Philip Evergood and the Welles Hall Mural

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Photos and documents related to Philip Evergood's mural "The Bridge of Life" located in Welles Hall.


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Now showing 1 - 5 of 16
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    Kalamazoo College Quarterly (1987, Autumn)
    (Kalamazoo, Mich. : Kalamazoo College, 1987) Kalamazoo College
    On the Quad -- Deo Gratias, A Farwell Sermon / by Chapel Dean Robert Dewey -- The Story of the Welles Hall Mural / by Kendall Taylor -- Class Notes -- Perspectives -- 1986-87 Annual Report.
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    Kalamazoo College Alumnus (October, 1955)
    (Kalamazoo, Mich. : Kalamazoo College, 1955-10) Kalamazoo College Alumni Association; Kalamazoo College
    16th Annual Fund -- From President Hicks -- Dean Of Stetson Chapel -- New Faces -- Adventures In Understanding -- Evergood's "The Bridge Of Life" -- Homecoming -- New Council Action -- Admissions In Rochester -- Speaking Of Books / Arnold Mulder -- Sports -- Student Aid -- Alumni Notes -- Alumni Constitution.
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    Letter Regarding the Evergood Mural
    (Kalamazoo College, 1966-12-28) Waskowsky, Michael J., 1917-1969
    Michael Waskowsky was a faculty member in the college's Art Department from 1949 to 1969. He wrote this letter about the Evergood mural in Welles Hall in response to two different newspaper articles. The first article "The Maligned Mural in the Kalamazoo Cafeteria" by Rob Warden was published in the November 12, 1966 issue of the Chicago Daily News. The other article was James Stommen's "K-College Art Treasure Ignored?" which was published in the Kalamazoo Gazette on December 26, 1966.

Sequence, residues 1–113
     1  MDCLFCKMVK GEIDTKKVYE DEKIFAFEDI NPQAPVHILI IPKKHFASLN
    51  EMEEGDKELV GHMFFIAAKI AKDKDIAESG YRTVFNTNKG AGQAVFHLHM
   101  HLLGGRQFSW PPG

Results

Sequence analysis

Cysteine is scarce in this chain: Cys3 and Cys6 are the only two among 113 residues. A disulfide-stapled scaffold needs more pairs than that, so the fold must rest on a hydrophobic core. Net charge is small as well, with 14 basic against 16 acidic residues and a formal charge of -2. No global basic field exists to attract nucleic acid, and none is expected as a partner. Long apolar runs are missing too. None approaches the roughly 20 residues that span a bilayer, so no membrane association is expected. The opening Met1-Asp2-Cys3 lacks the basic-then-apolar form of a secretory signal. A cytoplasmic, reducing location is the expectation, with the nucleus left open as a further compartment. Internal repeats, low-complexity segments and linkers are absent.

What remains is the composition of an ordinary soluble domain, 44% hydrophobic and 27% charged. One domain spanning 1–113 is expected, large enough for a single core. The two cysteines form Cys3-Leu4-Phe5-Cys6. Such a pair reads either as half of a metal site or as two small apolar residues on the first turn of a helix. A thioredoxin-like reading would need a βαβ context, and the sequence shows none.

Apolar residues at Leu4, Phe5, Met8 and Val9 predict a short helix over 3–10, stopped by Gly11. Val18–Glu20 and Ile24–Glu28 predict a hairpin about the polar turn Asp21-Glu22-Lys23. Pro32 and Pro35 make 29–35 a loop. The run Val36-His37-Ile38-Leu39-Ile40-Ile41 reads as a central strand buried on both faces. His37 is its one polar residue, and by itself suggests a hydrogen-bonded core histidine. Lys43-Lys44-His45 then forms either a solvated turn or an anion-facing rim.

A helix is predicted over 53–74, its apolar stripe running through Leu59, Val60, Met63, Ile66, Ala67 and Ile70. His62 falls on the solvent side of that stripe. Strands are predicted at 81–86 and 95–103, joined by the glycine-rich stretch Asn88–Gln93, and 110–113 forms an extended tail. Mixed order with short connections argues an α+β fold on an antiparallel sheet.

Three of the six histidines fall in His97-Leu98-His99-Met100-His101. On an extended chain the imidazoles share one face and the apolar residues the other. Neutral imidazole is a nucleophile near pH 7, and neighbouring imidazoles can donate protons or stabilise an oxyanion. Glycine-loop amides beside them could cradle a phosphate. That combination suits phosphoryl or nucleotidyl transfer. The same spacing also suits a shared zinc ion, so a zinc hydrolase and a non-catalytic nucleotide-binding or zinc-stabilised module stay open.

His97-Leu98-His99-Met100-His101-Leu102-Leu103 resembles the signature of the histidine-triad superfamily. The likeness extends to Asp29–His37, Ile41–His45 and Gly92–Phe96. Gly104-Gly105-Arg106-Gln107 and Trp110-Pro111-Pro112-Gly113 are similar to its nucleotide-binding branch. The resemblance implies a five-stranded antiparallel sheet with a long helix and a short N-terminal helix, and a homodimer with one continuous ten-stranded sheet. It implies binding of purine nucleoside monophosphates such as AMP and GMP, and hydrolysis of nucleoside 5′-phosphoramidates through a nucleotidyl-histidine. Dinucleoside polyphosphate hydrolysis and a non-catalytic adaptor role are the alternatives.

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    The WPA Federal Art Project: A Dark Age Averted
    (1983) Alarie, Patricia; Fischer, Billie G., 1945-
    "There is a theory that art always somehow takes care of itself, as if it were a rootless plant feeding upon itself in sequestered places. Many people are willing to believe, in a time like this, when art patronage has dwindled to infinitesimal proportions, that it is not necessary for organized society to do anything in particular, because no matter what happens, a few artists starving in garrets will see to it that art does not die. It is quite obvious that this theory will not hold." Holger Cahill, director of the Federal Art Project of the Works Progress Administration, made the above statement in 1936, but it seems particularly relevant today when government appropriations for the arts under the current administration have been substantially reduced in the interests of national safety and defense. During a period of severe economic depression in the 1930s, the federal government, having formally recognized the essential role of art in society, supported thousands of artists, the establishment of community art centers throughout the country, and the preservation of American decorative and practical arts. There were then, as there are today, people who felt that art was frivolous and did not merit the support of federal relief programs. Artists, they believed, did not 'work.' Whether or not there was unanimous agreement as to the legitimacy of the idea of federal support for the arts, the results of the programs were far-reaching and greatly influenced the expression of the artists during that period and thereafter.
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    Letter from Philip Evergood
    (1966-08-27) Evergood, Philip Howard Francis Dixon, 1901-1973
    A letter written in 1966 by artist Philip Evergood to Rob Warden of the Chicago Daily News. In it the artist explains the history behind "The Bridge of Life" mural located in Welles Hall.
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